Summary judgment is appropriate "if the movant shows that there is no genuine dispute as to any material fact and the movant is entitled to judgment as a matter of law." Fed. R. Civ. P. 56(a); see Anderson v. Liberty Lobby, Inc., 477 U.S. 242, 250 (1986). "[S]ummary judgment will not lie if the dispute about a material fact is 'genuine,' that is, if the evidence is such that a reasonable jury could return a verdict for the nonmoving party." Anderson, 477 U.S. at 248. The courts thus must determine "whether the evidence presents a sufficient disagreement to require submission to a jury or whether it is so one-sided that one party must prevail as a matter of law." Id. at 251-52. The non-movant's evidence is taken as true, and all justifiable and reasonable inferences are to be drawn in the non-movant's favor. Id. at 255.

III. Analysis

To establish a claim of negligence under Oklahoma law, a plaintiff must show: "(1) existence of a duty on the part of the defendant to protect plaintiff from injury; (2) defendant's breach of the duty; and (3) injury to plaintiff proximately resulting therefrom." Scott v. Archon Grp., L.P., 191 P.3d 1207, 1211 (Okla. 2008). "The threshold requirement in any case based on negligence is to establish the existence of a duty, for there can be no negligence in the absence of a defendant's duty to plaintiff." Id. To make this determination, courts must first analyze the plaintiff's status as a trespasser, licensee, or invitee. Id.; see also Wood v. Mercedes-Benz of Okla. City, 336 P.3d 457, 459 (Okla. 2014). Here, it is undisputed that plaintiff enjoyed the status of an invitee while he was working on the Whiting-Turner project. (See Doc. 25 at 5; Doc. 38 at 5).

In this diversity suit, the Court is to "ascertain and apply [Oklahoma] law [and reach] the result that would be reached by [an Oklahoma] court." See Martinez v. Angel Expl., LLC, 798 F.3d 968, 973 (10th Cir. 2015) (applying Oklahoma law in diversity premises liability action). --------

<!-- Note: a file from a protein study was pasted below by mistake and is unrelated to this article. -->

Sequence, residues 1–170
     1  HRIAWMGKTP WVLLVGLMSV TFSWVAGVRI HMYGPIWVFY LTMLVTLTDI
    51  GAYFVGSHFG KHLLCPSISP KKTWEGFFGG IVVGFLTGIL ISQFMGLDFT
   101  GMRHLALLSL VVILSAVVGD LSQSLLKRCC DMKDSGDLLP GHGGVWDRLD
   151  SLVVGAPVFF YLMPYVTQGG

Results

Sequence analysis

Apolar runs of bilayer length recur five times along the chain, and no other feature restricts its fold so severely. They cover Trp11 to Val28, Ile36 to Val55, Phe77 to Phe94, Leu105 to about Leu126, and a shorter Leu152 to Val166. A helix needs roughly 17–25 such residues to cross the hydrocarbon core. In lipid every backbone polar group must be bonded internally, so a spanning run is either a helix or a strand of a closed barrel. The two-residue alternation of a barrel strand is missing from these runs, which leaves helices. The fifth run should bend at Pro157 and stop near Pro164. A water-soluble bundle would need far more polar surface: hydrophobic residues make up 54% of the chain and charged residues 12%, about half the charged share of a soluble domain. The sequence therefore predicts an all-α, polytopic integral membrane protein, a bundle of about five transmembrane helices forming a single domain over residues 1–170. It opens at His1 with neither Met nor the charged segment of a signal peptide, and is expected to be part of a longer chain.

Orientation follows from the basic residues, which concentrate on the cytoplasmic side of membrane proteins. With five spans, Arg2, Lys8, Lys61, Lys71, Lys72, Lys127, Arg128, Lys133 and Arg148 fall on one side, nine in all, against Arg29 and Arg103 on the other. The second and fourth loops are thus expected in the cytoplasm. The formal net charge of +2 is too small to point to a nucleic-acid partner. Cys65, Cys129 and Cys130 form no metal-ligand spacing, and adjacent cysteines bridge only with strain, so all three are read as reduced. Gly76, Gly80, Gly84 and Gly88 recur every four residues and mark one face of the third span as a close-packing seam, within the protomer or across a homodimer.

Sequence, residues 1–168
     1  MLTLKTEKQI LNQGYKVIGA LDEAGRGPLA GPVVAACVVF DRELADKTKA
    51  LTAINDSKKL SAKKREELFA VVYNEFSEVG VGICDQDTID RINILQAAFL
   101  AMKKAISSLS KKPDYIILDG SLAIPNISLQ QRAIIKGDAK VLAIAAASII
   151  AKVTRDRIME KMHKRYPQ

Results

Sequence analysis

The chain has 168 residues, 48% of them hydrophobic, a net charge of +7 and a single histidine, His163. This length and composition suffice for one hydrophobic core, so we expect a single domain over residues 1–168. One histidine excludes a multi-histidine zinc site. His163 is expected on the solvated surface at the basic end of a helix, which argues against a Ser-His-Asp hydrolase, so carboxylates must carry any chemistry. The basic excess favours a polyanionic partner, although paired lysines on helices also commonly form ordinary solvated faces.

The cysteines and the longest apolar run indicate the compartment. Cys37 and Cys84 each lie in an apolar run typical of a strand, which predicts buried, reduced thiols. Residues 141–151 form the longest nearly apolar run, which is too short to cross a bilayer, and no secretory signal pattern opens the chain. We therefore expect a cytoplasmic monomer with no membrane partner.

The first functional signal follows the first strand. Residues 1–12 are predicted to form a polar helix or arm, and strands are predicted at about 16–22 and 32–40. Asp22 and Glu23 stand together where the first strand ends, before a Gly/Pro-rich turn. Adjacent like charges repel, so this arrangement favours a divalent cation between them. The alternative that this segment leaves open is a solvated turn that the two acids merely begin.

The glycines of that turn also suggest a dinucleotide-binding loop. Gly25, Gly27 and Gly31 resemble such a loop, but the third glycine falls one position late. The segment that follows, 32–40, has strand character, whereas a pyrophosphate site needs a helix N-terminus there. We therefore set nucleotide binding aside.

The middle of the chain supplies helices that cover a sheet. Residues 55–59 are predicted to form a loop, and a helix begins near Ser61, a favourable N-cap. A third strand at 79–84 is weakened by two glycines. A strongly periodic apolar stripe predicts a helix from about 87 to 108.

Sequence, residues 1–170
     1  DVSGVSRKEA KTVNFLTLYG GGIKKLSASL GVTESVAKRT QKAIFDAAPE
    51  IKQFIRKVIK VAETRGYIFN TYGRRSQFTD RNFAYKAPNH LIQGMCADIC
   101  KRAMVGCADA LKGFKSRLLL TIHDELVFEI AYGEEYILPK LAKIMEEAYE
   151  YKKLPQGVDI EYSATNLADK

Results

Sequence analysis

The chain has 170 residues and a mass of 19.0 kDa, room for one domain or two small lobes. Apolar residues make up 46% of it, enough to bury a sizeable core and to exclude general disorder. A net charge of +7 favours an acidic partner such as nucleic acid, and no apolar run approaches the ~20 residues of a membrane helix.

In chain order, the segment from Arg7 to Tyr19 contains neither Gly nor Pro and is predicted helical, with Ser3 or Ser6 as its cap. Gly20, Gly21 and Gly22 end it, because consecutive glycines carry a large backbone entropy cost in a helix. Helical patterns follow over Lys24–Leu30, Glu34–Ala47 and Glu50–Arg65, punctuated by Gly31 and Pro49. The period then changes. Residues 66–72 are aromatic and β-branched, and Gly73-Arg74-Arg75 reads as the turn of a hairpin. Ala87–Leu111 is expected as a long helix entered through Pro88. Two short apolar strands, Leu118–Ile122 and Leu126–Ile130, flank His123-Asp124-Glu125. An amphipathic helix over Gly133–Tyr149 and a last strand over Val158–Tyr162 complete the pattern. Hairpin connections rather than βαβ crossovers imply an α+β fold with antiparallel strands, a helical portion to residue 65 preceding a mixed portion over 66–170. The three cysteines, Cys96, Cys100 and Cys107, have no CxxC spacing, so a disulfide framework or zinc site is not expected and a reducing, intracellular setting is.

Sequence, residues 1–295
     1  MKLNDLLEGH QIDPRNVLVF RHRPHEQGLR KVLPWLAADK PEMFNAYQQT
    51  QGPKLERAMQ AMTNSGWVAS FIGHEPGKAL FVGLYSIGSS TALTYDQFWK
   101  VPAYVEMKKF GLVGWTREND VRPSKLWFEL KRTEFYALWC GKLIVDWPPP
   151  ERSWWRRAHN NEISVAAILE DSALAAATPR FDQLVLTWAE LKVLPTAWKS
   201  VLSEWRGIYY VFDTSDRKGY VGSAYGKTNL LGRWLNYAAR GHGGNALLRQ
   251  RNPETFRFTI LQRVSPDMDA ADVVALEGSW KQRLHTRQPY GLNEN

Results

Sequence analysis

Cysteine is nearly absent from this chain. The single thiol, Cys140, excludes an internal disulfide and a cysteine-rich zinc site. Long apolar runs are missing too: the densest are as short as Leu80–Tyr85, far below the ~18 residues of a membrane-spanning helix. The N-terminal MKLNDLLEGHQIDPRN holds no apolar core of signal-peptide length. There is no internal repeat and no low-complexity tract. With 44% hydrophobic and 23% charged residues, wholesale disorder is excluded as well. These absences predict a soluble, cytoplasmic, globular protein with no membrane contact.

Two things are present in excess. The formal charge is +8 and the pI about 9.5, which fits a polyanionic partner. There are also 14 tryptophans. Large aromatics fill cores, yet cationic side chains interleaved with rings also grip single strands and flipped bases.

"[A] property owner, as an invitor, owes the highest duty of care to an invitee." Wood, 336 P.3d at 459. With respect to an invitee, a property owner must "exercise reasonable care to keep the premises in a reasonably safe condition and to warn of conditions which [are] in the nature of hidden dangers, traps, snares, or pitfalls." Id. (quoting Martin v. Aramark Servs., Inc., 92 P.3d 96, 97 (Okla. 2004)) (alterations in original); see also Sholer v. ERC Mgmt. Group, LLC, 256 P.3d 38, 43 (Okla. 2011). Traditionally, Oklahoma courts have held that invitors "need not guard the invitee against dangers so apparent and readily observable that the conditions should be discovered." Sholer, 256 P.3d at 43. In other words, under long-standing Oklahoma law, a property owner had no duty to render safe an "open and obvious" danger. Martinez v. Angel Expl., 798 F.3d 968, 975 (10th Cir. 2015). "[A] determination that 'under similar or like circumstances an ordinary prudent person would have been able to see the defect in time to avoid being injured' was dispositive of a landowner's duty." Id. (quoting Scott, 191 P.3d at 1212).